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It’s About Damn Time

My Dearest M3 Readers (all four of you),

It has been a time of bizarre and wonderful happenstance and endeavor. Rather than bore you with the intimate details, suffice it to say I have overcome. My official newlywed label has worn away, and my doctor says I may type. We shall keep her squarely in dark as to the amount.

First time since…

For the first time since 1993, I have moved house three times in less than three years. I have one more move to go, but it will hold for another year. I have grown wise enough not to proclaim my next move my last.

For the first time since 2004, I have blended family under our roof. It daily reminds me how important raising strong children truly is. I am acutely aware of how much I enjoy when they sleep.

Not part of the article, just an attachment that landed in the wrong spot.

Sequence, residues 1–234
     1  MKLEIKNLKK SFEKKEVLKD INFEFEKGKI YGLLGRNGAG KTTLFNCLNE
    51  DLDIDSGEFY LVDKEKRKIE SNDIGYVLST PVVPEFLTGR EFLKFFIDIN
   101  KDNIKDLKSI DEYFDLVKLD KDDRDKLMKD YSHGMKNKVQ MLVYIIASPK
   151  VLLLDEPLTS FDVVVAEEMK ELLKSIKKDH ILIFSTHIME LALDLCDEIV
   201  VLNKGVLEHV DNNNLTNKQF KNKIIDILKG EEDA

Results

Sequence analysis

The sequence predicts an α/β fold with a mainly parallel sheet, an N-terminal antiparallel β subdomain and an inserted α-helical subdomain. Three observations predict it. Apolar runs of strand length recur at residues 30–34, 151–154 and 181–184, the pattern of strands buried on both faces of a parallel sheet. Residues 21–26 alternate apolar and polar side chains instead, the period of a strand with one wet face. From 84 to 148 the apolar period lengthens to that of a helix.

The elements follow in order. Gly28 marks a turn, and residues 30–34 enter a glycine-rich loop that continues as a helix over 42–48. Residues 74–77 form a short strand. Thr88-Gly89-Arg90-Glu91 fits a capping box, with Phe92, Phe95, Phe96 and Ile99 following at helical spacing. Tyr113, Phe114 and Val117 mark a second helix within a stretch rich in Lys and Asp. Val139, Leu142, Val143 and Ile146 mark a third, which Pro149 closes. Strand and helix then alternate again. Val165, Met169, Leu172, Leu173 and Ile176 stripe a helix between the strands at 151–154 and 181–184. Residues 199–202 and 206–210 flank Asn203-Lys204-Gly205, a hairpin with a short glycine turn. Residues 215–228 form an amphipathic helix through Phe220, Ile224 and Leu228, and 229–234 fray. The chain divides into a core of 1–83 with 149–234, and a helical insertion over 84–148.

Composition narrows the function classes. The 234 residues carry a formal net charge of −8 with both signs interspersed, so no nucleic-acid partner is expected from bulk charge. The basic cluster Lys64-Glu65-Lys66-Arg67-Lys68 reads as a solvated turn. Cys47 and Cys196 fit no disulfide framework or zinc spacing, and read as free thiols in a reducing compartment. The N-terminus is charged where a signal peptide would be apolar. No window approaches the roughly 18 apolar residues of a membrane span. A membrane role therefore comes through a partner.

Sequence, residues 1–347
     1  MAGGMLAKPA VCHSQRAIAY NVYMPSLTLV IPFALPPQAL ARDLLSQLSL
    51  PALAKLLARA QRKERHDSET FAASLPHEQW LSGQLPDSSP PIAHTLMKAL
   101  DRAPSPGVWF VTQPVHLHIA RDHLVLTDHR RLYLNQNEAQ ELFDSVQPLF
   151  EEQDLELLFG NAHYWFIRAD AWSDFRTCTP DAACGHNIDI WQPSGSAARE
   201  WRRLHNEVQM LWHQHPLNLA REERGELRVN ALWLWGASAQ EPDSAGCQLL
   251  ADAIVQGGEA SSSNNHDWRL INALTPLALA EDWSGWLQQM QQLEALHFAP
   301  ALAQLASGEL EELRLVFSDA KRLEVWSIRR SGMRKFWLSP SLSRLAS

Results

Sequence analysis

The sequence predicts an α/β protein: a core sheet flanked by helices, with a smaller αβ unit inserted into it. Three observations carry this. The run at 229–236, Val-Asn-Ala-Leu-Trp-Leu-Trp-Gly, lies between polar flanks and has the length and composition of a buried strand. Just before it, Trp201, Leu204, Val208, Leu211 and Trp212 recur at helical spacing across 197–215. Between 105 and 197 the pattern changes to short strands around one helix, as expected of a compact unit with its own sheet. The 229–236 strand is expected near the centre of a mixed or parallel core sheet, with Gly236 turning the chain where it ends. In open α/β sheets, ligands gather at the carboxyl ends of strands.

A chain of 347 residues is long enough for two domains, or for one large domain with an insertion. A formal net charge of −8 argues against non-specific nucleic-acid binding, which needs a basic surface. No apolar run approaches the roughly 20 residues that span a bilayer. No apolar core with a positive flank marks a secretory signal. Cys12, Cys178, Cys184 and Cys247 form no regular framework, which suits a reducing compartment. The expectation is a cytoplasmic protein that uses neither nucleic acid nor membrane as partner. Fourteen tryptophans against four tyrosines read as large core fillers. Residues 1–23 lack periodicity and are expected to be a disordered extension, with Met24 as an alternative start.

For the first time since 2008, I have lost more than three friends in a year. 2016 was tougher on my circle of friends than any prior year. Let’s have no more of that.

For the first time since early 2012, I have deleted a draft of a post. Since the reference is long out of date, what with the no typing happening for months instead of weeks, we shall embark on it in a serial. Some things never change.

For the first time since 2013, I have been changing my normal path along the blogosphere. This has been mostly as some of the places where my hat regularly hung are no longer habitable. Just as life got squarely in my way, it overtook many of the bloggers who I have enjoyed immensely in times gone by.

For the first time since 2016, I am happy to be in front of my irritatingly up-to-date laptop to write. For all of its idiosyncratic hiding of things I specifically do not move, I find typing more intimate than voice notes. I loathe the sound of my own voice. Whilst the autocorrect has learnt to speak Red, and even though my laptop utterly refuses to correct dull-fingered typos, I enjoy the sound of my nails on the keys.

Firsts are not all they are not all they are cracked up to be.

In Other News

What is there about the first time we do things which causes us to emotionally bond with activities and imbue them with an importance which pales in repetition?